2017 Reinhold Haart Piesporter Goldtropfchen Riesling Spatlese Mosel

SKU #1412473 94 points James Suckling

 Slightly funky from the wild ferment, but this also has concentrated peaches and blackcurrants. Coupled with succulent sweetness, this makes a serious statement. Needs some time to open up, but it will be very seductive from 2019. Drink or hold. This has long-term aging potential.  (6/2018)

94 points Robert Parker's Wine Advocate

 The 2017 Goldtröpfchen Spätlese is super clear, bright and fresh on the subtle and elegant nose. This is a lean, highly elegant, firm and grippy, persistent and concentrated Spätlese in the Feinherb style, as the residual sugar (73 grams per liter) is pretty much absorbed. Tasted in April 2019. (SR) 94+  (6/2019)

94 points Wine Spectator

 A fabulous spätlese, rich and exciting, yet packed into a lean framework. Offers a delicious presentation of lemon curd, grapefruit and slate flavors, intensely displayed on bracing acidity. Floral notes emerge on the long finish. Delicious now, but this will age gracefully. Drink now through 2035.  (7/2019)

92 points John Gilman

 There are two different Goldtröpfchen Spätlesen in 2017, with the AP #25 coming in at eight percent alcohol, 8.2 grams per liter of acidity and seventy-two grams per liter of residual sugar. The wine is lovely and succulent right out of the blocks, delivering a fine, complex nose of peach, a touch of passion fruit, cassis, salty minerality, spring flowers and bee pollen. On the palate the wine is medium-full, zesty and offers truly lovely fruit on the attack, with a good core, bright, zesty acids and fine backend salinity from the extract on the long and vibrant finish. This is really pretty and will drink well from the outset. (Drink between 2018-2040).  (6/2018)

K&L Notes

92 points Mosel Fine Wines: "AP: 25 18. The 2017er Piesporter Goldtröpfchen Spätlese was harvested at 92° Oechsle. It offers a rather sharp nose made of grapefruit, lime, gooseberry, minty herbs and some whipped cream. The wine is quite sharp and almost hard on the palate but leaves a beautifully sweet and zesty feel of pear, peach, apricot blossom and minty herbs in the long finish. 2027-2047." (08/2018)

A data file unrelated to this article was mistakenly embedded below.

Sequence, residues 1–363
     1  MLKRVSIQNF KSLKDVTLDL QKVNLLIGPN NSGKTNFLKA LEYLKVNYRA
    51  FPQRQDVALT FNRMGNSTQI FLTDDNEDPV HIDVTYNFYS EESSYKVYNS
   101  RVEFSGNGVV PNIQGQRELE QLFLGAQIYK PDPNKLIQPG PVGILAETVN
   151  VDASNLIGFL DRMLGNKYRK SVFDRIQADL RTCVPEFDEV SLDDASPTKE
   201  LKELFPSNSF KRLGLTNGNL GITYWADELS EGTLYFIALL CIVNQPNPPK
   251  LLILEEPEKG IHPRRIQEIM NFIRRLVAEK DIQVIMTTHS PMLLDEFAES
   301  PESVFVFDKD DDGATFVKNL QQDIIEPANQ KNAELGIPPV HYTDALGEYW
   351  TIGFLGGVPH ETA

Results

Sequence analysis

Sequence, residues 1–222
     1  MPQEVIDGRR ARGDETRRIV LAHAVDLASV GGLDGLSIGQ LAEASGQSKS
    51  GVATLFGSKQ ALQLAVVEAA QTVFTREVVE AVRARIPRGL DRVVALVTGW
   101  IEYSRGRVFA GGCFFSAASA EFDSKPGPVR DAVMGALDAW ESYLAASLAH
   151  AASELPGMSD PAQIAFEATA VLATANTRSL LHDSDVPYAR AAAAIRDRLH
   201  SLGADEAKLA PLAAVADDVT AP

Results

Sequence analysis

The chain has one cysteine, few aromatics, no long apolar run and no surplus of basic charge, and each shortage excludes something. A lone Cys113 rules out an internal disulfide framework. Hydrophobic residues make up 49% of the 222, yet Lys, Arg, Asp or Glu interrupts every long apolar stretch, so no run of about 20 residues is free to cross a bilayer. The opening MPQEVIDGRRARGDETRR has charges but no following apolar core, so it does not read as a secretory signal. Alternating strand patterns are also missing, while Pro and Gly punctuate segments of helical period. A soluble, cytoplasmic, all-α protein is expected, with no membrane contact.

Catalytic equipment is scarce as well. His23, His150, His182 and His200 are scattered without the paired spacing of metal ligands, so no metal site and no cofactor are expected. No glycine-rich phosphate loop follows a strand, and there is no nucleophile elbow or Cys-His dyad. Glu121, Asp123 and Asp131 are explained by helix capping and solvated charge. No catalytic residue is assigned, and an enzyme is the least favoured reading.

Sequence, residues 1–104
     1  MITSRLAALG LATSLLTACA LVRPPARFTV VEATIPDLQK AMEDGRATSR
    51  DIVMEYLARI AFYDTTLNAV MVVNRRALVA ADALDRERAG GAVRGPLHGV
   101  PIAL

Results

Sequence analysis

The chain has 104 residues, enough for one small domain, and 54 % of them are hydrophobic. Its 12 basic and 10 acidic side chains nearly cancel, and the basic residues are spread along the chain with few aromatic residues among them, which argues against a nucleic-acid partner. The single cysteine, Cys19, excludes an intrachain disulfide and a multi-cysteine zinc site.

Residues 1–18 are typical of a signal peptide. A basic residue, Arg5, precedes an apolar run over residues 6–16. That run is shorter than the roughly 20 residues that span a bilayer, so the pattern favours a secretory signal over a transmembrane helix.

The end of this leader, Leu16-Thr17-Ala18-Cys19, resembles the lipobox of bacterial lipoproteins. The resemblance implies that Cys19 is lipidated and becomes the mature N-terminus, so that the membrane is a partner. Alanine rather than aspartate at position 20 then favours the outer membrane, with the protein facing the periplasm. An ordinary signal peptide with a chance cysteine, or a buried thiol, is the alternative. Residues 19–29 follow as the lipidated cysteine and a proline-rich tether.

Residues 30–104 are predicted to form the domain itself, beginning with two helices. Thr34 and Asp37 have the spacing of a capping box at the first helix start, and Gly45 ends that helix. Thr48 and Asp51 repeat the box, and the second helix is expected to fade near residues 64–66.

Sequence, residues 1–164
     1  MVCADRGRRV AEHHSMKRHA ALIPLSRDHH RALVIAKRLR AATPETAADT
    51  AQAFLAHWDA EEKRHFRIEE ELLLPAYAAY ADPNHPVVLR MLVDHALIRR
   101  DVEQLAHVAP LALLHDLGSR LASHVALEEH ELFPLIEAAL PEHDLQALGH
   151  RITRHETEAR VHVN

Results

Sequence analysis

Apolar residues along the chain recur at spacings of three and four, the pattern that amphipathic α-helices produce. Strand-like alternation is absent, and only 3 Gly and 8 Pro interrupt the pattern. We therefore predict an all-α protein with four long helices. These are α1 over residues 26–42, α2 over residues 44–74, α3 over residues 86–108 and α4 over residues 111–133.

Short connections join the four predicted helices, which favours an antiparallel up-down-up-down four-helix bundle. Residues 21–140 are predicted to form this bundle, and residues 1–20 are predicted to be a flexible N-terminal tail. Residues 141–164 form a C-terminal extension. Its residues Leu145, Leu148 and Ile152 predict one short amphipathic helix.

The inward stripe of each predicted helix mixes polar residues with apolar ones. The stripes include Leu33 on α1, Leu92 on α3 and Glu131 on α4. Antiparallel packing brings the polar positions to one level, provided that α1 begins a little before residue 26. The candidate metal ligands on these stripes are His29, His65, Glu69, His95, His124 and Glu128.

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Price: $32.99

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- While the rest of the world has often misappropriated the name--Welchriesling, Riesling Italico, Gray Riesling and Emerald Riesling are all names applied to varieties that are NOT Riesling--this exceptional German varietal has managed to maintain its identity. Perhaps its biggest claims to fame are its intoxicating perfume, often described as having honeyed stone fruit, herb, apple and citrus notes, and its incredible longevity - the wines lasting for decades. Aged Rieslings often take on a distinctive and alluring Petrol-like aroma. Within Germany, the grape seems to do best in the warming slate soils of the Mosel-Saar-Ruwer. Other German regions that turn out great Rieslings include Pfalz, Rheingau and Nahe. German Rieslings are made in a range of ripeness levels. The top wines are assigned Prädikat levels to describe their ripeness at harvest. These are: Kabinett, Spätlese, Auslese, Beerenauslese, Eiswein and Trockenbeerenauslese. Riesling has also achieved acclaim in France's Alsace, the only region in that country where the grape is officially permitted. Alsatian Rieslings are typically dry and wonderfully aromatic. Austrian Riesling is also steadily gaining praise and fine Riesling is also produced in Italy's Alto-Adige and Friuli, in Slovenia and much of Central and Eastern Europe. In the New World its stronghold is Australia, where it does best in the Eden and Clare Valleys. It is also planted in smaller amounts in New Zealand. In the US, winemakers are eschewing the syrupy sweet versions of the 1970s and 1980s, instead making elegant and balanced wines in both California and Washington State.


- Thanks to a recent string of excellent vintages and to the reemergence of Germany onto the international wine writing scene, this is a country that's hot, hot, hot! Germany is divided into 13 wine Region and produces a very wide variety of wine styles, from incredibly high-acid, dry wines to some of the sweetest, most unctuous concoctions on the planet and even a few surprisingly hearty reds. Most of the highest-quality wines are grown on steep banks along the rivers in these Region. Small vineyards are still mostly hand tended and picked, due to the difficult nature of mechanization on these slopes. White wine production accounts for nearly 80% of the total with Riesling being the most important varietal, though Muller-Thurgau is still more widely planted.